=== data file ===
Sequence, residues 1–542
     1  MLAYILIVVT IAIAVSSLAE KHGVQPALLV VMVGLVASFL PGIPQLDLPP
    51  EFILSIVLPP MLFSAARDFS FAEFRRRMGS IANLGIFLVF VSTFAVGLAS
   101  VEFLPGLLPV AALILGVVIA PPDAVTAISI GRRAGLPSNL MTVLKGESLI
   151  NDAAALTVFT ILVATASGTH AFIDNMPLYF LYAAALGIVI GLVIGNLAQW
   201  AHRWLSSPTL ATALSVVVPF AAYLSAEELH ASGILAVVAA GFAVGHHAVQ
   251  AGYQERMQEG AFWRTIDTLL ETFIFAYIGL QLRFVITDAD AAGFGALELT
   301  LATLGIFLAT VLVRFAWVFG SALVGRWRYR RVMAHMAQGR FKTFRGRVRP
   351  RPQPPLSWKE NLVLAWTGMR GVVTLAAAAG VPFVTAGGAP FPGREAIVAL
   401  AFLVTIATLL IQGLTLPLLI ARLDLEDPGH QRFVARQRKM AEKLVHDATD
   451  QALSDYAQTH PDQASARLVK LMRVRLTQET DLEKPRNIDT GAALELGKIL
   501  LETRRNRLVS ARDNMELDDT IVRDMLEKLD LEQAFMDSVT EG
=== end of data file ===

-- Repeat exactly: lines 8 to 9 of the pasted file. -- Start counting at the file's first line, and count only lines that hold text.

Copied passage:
   301  LATLGIFLAT VLVRFAWVFG SALVGRWRYR RVMAHMAQGR FKTFRGRVRP
   351  RPQPPLSWKE NLVLAWTGMR GVVTLAAAAG VPFVTAGGAP FPGREAIVAL